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What is the current market price of a clean Hektor, and is it even possible to find a clean one after all these years? I can never get enough 50mm lenses with character.
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Old 05-05-2016   #71
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What is the current market price of a clean Hektor, and is it even possible to find a clean one after all these years? I can never get enough 50mm lenses with character.


After going through this thread, I was curious enough to check ebay for this lens and I was shocked with asking price is in range 700-$1,000
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Old 05-05-2016   #72
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I am not surprised. Such RFF threads have results. Potential buyers/sellers see possibilities that were unknown to them before they saw such a thread.
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Old 05-05-2016   #73
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They were never that common

http://www.reddotcameras.co.uk/screw...-f25-l-39.html

You still sometimes see them on a camera for less than this for both.

(which is a truly awful piece of English!)
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Old 05-05-2016   #74
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They've always been expensive and collectible. It was Leica's first fast lens, and not made for long.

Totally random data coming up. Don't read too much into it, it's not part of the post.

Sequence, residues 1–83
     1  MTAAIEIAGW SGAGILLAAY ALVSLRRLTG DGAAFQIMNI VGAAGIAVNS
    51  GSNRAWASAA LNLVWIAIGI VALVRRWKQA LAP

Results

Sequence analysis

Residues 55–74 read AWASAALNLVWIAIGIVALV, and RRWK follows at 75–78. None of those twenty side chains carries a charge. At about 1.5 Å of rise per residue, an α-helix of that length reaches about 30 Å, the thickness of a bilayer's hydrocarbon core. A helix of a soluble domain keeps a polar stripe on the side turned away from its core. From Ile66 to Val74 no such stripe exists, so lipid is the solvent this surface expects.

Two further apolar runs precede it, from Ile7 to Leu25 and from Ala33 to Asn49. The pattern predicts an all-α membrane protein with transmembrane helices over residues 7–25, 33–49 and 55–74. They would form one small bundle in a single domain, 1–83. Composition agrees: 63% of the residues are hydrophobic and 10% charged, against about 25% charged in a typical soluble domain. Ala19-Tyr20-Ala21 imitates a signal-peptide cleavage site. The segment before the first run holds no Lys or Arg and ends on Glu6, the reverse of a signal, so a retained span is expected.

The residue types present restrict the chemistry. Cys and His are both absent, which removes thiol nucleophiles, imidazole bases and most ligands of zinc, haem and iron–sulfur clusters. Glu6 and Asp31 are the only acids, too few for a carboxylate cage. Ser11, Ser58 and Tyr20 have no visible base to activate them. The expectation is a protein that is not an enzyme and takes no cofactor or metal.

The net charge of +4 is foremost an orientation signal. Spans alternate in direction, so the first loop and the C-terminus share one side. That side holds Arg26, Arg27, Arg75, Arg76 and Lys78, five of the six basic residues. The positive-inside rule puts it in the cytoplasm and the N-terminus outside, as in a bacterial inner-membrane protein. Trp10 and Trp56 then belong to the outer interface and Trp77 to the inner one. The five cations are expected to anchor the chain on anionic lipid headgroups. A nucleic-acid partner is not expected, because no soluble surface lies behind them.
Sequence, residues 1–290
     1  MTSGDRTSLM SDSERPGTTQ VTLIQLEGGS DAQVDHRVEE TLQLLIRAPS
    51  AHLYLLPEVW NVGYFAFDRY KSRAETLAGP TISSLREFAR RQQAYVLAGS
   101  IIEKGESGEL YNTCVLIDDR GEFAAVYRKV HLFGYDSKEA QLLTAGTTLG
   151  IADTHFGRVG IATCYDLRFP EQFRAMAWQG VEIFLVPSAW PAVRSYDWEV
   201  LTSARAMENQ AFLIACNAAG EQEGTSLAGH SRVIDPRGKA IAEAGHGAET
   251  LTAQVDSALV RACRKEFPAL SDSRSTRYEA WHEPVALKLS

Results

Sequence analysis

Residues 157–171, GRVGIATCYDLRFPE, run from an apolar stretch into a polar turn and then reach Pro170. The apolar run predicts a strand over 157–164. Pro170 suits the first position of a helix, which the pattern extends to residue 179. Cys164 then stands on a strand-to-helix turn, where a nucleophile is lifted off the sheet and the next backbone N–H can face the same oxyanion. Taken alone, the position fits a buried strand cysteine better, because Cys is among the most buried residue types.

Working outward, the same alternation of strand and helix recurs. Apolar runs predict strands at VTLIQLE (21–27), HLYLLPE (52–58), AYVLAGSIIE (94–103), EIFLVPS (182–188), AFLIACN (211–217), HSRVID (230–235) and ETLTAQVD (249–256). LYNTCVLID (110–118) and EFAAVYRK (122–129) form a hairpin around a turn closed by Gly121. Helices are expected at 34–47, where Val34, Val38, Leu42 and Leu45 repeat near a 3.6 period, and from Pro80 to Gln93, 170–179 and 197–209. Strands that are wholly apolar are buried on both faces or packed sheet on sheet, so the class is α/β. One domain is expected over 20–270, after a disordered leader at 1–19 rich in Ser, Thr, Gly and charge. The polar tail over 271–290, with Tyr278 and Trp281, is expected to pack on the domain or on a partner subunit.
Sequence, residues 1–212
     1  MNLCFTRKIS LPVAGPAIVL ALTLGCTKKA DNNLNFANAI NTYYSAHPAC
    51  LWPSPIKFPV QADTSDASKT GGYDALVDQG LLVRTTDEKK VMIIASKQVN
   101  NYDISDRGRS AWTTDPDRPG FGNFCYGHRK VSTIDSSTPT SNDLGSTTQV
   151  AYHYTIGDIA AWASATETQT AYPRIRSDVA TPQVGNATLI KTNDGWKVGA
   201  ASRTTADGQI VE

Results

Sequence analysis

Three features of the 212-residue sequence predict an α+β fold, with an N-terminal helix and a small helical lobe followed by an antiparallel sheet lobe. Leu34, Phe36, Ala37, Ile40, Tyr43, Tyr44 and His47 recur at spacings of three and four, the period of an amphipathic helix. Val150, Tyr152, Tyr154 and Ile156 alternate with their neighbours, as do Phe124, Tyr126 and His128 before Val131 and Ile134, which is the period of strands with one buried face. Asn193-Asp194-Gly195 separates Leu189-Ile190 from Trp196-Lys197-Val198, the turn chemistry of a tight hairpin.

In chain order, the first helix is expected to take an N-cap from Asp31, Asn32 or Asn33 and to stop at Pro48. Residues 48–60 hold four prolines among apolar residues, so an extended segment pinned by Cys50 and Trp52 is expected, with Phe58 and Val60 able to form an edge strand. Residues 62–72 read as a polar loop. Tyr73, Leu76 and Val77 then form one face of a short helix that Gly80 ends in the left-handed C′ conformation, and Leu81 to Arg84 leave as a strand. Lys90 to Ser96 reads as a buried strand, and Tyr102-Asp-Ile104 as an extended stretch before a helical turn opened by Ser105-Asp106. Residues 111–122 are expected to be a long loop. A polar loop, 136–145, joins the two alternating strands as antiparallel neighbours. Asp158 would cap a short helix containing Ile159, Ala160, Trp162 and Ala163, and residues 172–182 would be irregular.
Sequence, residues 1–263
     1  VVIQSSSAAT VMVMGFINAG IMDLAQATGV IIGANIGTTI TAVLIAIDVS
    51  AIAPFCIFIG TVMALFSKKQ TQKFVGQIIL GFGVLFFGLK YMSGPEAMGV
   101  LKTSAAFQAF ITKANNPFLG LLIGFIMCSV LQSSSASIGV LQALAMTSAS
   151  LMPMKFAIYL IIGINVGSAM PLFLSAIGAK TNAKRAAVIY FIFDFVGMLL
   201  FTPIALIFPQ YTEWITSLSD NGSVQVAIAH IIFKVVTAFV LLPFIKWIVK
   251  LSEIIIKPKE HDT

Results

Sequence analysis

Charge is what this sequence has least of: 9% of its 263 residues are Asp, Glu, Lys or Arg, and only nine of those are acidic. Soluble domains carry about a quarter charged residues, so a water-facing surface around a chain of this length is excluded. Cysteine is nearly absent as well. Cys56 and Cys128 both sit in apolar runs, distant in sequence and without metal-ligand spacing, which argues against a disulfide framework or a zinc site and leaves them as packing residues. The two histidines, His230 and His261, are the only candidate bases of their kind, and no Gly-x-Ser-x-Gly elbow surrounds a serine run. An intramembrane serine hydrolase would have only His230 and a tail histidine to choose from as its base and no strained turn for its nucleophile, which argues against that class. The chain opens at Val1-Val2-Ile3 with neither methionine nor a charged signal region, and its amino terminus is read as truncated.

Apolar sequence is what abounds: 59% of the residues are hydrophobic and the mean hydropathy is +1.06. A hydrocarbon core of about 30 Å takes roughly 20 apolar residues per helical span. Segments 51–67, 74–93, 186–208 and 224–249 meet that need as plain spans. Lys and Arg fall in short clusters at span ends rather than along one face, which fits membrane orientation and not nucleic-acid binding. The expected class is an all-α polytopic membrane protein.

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Old 05-05-2016   #75
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Hektor 5Cm/2.5

wide-open...
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Old 05-05-2016   #76
Erik van Straten
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Leica II, Hektor 50mm f/2.5, Tmax400.

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Old 05-05-2016   #77
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It is a good available light lens too.

Leica II, Hektor 50mm f/2.5, Tmax400.

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Old 05-06-2016   #78
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Rick, I thought it was great shot too but felt that the 82nd Airborne looked too well fed. Then I remembered where they came from...look at bunch of British servicemen from the mid forties and by comparison they appear to have been starved!

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Old 05-08-2016   #79
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Oh, I agree, especially when you think about the most common sizes of original uniform pieces; Like size 36 Jackets. But yes, the US Army was the best fed army at the time.
On the other hand it's a good thing that there's not much weight and age discrimination in the re-enactment world.

I shot some film with my user IIIc and the Hektor over the weekend at the Hembrug (former) weapons & munitions plant. I hope to get round to developing them somewhere later this week.


If small tangents are allowed; I'm still trying to get the hang of the 2,8cm f/6.3 Hektor lens.
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Old 05-08-2016   #80
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Too many modern bits in the background though